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Civil Conflagration in Syria

What happens when a government tries to take total control of the lives and death of its people? Well, usually you get a group of angry people who fight back in a civil war. That is exactly what is happening in Syria right now, and given the recent news, tensions are on the rise. ┬áThe Assad regime is in a vicious battle with it’s now exiled people. Perhaps it’s time the exiled no longer stood alone.

Monday there were multiple flash points of violence that signaled to the world the conflict was growing. Car bombs went off in al-Mazzeh 86, Hama, and Damascus on Monday, killing at least 63 people, soldiers and citizens alike. On top of that, five Palestinians were killed by a shell bomb that hit a bus in Damascus. In Aleppo, anti-rebel protesters were hit with a mortar strike from armed groups that ended up killing seven people. The Assad regime also joined in on the killings, slaughtering 20 rebel fighters in a fighter jet strike in Harem. The Syrian Observatory for Human Rights estimated that Monday’s bloodshed resulted in the deaths of 200 people, including 67 unarmed civilians and 85 soldiers.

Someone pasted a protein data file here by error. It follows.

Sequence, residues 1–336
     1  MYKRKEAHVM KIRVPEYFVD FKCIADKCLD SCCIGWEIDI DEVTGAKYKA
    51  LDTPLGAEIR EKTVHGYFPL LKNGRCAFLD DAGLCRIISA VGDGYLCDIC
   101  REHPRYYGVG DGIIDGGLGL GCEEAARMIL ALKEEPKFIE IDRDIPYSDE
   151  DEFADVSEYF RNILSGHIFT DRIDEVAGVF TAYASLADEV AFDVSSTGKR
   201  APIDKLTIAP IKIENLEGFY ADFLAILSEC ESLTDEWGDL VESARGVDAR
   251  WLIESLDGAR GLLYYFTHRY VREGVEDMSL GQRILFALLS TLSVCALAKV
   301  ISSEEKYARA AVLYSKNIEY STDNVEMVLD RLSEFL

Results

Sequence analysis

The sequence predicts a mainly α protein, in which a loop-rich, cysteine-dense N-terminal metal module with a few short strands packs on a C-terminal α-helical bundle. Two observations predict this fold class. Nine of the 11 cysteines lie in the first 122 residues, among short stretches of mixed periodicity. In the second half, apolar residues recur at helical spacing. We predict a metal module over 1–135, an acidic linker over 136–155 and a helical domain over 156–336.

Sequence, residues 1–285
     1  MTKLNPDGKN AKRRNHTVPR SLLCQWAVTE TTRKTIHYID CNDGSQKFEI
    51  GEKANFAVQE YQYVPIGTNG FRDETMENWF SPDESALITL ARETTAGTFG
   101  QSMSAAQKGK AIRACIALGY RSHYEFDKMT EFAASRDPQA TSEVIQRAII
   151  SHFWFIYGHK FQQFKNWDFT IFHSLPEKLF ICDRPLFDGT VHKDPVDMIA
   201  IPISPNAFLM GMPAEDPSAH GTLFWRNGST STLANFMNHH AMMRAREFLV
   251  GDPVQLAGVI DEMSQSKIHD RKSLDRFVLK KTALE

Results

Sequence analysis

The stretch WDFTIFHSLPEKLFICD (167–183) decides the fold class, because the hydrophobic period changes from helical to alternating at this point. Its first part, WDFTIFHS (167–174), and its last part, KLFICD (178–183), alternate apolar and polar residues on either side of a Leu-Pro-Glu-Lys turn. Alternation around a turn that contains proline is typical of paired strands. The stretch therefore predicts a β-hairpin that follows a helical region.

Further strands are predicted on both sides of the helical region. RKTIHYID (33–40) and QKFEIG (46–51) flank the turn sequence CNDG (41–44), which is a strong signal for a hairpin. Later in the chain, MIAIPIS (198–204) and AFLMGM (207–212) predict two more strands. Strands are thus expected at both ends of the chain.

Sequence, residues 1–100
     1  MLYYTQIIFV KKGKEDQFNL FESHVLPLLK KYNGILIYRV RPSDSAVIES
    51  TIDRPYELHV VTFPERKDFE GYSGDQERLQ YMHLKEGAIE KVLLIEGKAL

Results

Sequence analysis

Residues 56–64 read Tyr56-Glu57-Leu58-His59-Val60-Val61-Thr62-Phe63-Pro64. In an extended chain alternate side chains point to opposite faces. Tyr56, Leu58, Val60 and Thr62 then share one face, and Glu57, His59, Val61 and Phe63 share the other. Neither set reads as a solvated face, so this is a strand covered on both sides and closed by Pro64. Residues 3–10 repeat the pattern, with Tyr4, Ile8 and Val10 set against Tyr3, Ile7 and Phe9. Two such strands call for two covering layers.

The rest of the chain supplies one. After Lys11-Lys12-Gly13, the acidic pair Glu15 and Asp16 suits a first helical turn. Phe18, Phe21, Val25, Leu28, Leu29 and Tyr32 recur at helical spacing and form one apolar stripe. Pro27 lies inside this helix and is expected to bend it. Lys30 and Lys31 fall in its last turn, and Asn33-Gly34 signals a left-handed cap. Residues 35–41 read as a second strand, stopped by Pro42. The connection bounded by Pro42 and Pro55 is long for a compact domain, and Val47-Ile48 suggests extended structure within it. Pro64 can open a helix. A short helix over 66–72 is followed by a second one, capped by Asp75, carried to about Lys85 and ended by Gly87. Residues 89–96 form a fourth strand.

Syria is used to seeing violence every day, but not on this scale. Monday’s outbursts indicate that tensions are worsening. Sectarian violence has ravaged Syria for far too long and is getting worse the longer nothing is done about it.

So where is the international response? Short of telling Assad to “stop it” and some relief supplies, it isn’t really there. I think the international community, namely the United States, needs to do something. In a vicious battle for emancipation and freedom, moral support isn’t enough. At least give the opposition money to fund their operations or something. The international response has been lacking in Syria, and failure to act is allowing violence to get worse.

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